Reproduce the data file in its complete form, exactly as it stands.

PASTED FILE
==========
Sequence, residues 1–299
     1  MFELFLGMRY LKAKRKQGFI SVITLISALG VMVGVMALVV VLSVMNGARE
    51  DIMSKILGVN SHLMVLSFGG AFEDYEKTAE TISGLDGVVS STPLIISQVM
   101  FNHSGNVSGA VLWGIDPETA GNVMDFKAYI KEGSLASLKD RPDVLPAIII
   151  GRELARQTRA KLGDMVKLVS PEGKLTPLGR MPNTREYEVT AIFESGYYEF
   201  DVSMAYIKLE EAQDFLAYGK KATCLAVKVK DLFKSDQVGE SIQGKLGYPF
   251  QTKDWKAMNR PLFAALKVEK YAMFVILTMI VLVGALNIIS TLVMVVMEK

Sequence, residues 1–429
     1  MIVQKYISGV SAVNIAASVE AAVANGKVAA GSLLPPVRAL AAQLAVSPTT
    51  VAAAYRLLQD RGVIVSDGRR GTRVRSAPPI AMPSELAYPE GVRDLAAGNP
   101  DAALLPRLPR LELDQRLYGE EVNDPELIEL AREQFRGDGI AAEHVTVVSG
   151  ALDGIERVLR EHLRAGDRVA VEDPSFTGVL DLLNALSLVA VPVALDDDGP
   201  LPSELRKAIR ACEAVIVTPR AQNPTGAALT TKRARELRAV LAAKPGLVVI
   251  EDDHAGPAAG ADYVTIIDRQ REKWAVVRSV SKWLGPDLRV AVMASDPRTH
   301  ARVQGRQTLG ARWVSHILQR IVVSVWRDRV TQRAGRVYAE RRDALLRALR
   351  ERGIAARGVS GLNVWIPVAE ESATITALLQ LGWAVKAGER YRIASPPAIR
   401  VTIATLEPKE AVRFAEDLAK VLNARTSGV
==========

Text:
Sequence, residues 1–299
     1  MFELFLGMRY LKAKRKQGFI SVITLISALG VMVGVMALVV VLSVMNGARE
    51  DIMSKILGVN SHLMVLSFGG AFEDYEKTAE TISGLDGVVS STPLIISQVM
   101  FNHSGNVSGA VLWGIDPETA GNVMDFKAYI KEGSLASLKD RPDVLPAIII
   151  GRELARQTRA KLGDMVKLVS PEGKLTPLGR MPNTREYEVT AIFESGYYEF
   201  DVSMAYIKLE EAQDFLAYGK KATCLAVKVK DLFKSDQVGE SIQGKLGYPF
   251  QTKDWKAMNR PLFAALKVEK YAMFVILTMI VLVGALNIIS TLVMVVMEK

Sequence, residues 1–429
     1  MIVQKYISGV SAVNIAASVE AAVANGKVAA GSLLPPVRAL AAQLAVSPTT
    51  VAAAYRLLQD RGVIVSDGRR GTRVRSAPPI AMPSELAYPE GVRDLAAGNP
   101  DAALLPRLPR LELDQRLYGE EVNDPELIEL AREQFRGDGI AAEHVTVVSG
   151  ALDGIERVLR EHLRAGDRVA VEDPSFTGVL DLLNALSLVA VPVALDDDGP
   201  LPSELRKAIR ACEAVIVTPR AQNPTGAALT TKRARELRAV LAAKPGLVVI
   251  EDDHAGPAAG ADYVTIIDRQ REKWAVVRSV SKWLGPDLRV AVMASDPRTH
   301  ARVQGRQTLG ARWVSHILQR IVVSVWRDRV TQRAGRVYAE RRDALLRALR
   351  ERGIAARGVS GLNVWIPVAE ESATITALLQ LGWAVKAGER YRIASPPAIR
   401  VTIATLEPKE AVRFAEDLAK VLNARTSGV